Welcome to Jester's Trek.
I'm your host, Jester. I've been an EVE Online player for about six years. One of my four mains is Ripard Teg, pictured at left. Sadly, I've succumbed to "bittervet" disease, but I'm wandering the New Eden landscape (and from time to time, the MMO landscape) in search of a cure.
You can follow along, if you want...

Wednesday, October 19, 2011

Comment of the Week: Ford is evil

Generally, my "Consequences" post from earlier today has been very well-received. However, I raised a few hackles when I pointed out that EVE players have a small responsibility for what happened at CCP today. A lot of people have rejected that. Khalia Nestune was the most concise in explaining this position:
You should have just left the comments about players out of this; otherwise a well-written and informative article.

Players having any 'responsibility' on the employment of the developer is about as accurate as saying drivers who switch from Ford to Dodge are responsible for lost jobs at Ford.
I tried twice in the comments to make it clear that I didn't mean everyone that unsubbed or was vocal about CCP's mistakes this year. Just the small minority that was turning CCP's actions into a personal affront against them. I guess I wasn't being clear. Stabs did a great job of responding to Khalia, making it clear what I meant:
In this case though the customers stood outside the Ford showrooms telling people Ford were evil and they shouldn't buy.

It only applies to a small (but vocal) minority but the people who unsubbed and screamed all over the internet about how terrible Eve was and how everyone should unsub as a point of principle DID contribute to this crisis.
Yup, better than I put it myself. Those were the people I meant. Thanks, Stabs!

19 comments:

  1. I'll be the first to comment on an article referencing my own comment; seems appropriate =)

    Honestly, I don't think the "CCP are evil" folks are don't anything wrong either. It is a customer's right to complain about a company, and a freedom of speech right (in countries sane enough to have that right) for them to do so.

    Put it another way: If you stand outside Walmart with a sign and protest the company, are you responsible when Walmart closes a store or lays people off?

    Stabs said: " ... people who unsubbed and screamed all over the internet about how terrible Eve was and how everyone should unsub as a point of principle ... "

    Exactly. As a point of principle. What better way to send a message to CCP then to encourage other people not to play?

    Players wanted EVE better. CCP hired people that didn't achieve this goal. They got dropped. CCP's fault, no one else's.

    ReplyDelete
  2. I've reposted this conversation over at My Loot, Your Tears, as to engage my readers there.

    http://www.mylootyourtears.com/?p=1451

    ReplyDelete
  3. "Put it another way: If you stand outside Walmart with a sign and protest the company, are you responsible when Walmart closes a store or lays people off?"

    You contribute.

    Responsibility is not binary, it's not solely down to one agent. Generally when things go wrong in any organisation there are a whole host of factors. I honestly think that the Eve community is too vocal too empowered and is toxic to the health of the company that provides it with entertainment.

    Nowhere did I or Jester say players were wholly responsible.

    "Players wanted EVE better. CCP hired people that didn't achieve this goal. They got dropped."

    Actually some of the people who got dropped really did make Eve better. If you view communication with the players as a positive. There's already a predictably strident and furious outcry on the forums over Fallout and Zymurgist with (predictably) some idiot suggesting boycotting Eve in protest.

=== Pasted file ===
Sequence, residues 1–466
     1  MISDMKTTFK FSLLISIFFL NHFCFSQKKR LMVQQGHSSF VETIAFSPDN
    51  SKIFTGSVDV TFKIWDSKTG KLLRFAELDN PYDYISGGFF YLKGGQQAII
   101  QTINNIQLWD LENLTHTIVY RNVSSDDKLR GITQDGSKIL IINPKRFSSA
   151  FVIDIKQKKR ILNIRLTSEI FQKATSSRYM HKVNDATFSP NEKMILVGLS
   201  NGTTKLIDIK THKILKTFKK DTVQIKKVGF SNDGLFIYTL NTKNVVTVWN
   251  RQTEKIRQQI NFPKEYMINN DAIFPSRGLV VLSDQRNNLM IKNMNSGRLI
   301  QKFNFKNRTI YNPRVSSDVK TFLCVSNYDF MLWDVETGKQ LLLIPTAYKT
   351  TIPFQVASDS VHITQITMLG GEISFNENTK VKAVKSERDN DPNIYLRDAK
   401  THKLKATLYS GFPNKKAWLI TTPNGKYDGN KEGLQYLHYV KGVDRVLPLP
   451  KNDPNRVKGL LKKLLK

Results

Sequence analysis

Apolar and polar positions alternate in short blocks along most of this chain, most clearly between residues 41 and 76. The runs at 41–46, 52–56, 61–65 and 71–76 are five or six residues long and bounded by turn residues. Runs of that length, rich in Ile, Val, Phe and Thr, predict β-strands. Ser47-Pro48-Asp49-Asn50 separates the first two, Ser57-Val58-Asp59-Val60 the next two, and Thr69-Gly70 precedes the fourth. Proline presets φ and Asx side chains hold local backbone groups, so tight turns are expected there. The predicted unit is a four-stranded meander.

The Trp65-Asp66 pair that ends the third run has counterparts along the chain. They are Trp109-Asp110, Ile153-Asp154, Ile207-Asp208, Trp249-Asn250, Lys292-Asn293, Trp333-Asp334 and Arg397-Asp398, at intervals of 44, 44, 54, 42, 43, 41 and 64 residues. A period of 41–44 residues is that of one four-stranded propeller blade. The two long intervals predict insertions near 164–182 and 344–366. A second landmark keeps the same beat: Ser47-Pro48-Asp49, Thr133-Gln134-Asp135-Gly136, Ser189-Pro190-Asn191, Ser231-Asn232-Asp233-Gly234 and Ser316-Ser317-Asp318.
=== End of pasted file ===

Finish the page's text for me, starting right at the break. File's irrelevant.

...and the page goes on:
ReplyDelete
  4. As Paul Clavet said to me a few minutes ago: There may be causality, but there isn't any moral implication.

    ReplyDelete
  5. No matter the reasons, at the end of the day the only people really responsible for whats happening at CCP today are CCP. If my business fails it is my fault period.
    As is often the case, if those responsible are in management they get a pass and the axe falls on those lower down the ladder.
    I remember seeing something about some protest in real life where one of the points is executive mismanagement.

    ReplyDelete
  6. Disgruntled CCP employeeOctober 19, 2011 at 9:02 PM

    You fuckers don't deserve any fucking thing you whiny snot brained son of bitches. Why don't you just whine, whine and whine until hilmar has to jump on his sword because you don't like how EVE is. I say too bad, now I'm out of job because of you nitwits, don't reason with me, it was all you fuckers fault, fucking bitches I hope you burn in hell for what you did, you unemployed some good talented people by making a big fuss over some tiny cosmetic items, and not allowing us to work.

    ReplyDelete
  7. I will say that out of the few MMOs I play, the EVE community is the absolute, hands-down worst of them. There's nothing that makes them happy and every twitch invokes whining like children and threats to leave. Every player who's left 1.0 space is a bittervet in some way. If I had seen the forums before I put in my payment info, I highly doubt I ever would have played this game.

    ReplyDelete
  8. http://i.imgur.com/Wl5pD.jpg

    ^ Not sure if you saw the scumbag CCP image or not. Kinda... funny.

    ReplyDelete
  9. "Responsibility" is a lot like "Selfish" in that the words have an unnecessarily negative connotation attached to them.

    Responsibility, held bereft of all connotation, simply means that you had some cause over the end result.

    And in that sense, yes, the vocal minority did have a lot of responsibility.

    I know I unsubbed because I couldn't go ten steps looking up EVE information without finding someone who was disgruntled that their X wasn't Y enough, etc.

    Is it ultimately CCP's -fault-? Very probably yes, but it does depend on who you are. There aren't many people in management who really believe in factors external to a company being all that determine success or failure, though.

    Still - Jester's absolutely right. It's not a blame game, it's a statement of fact: the people who protested the loudest do bear some responsibility here, even when the ultimate blame and responsibility lies with CCP.

    ReplyDelete
  10. I have to agree with what OOZ662 said. Everybody wants everything and when they don't get it, they throw an eFit. They might be a vocal minority, but they have a huge impact on the morale of the players, which in turn has a huge impact on getting and keeping new players.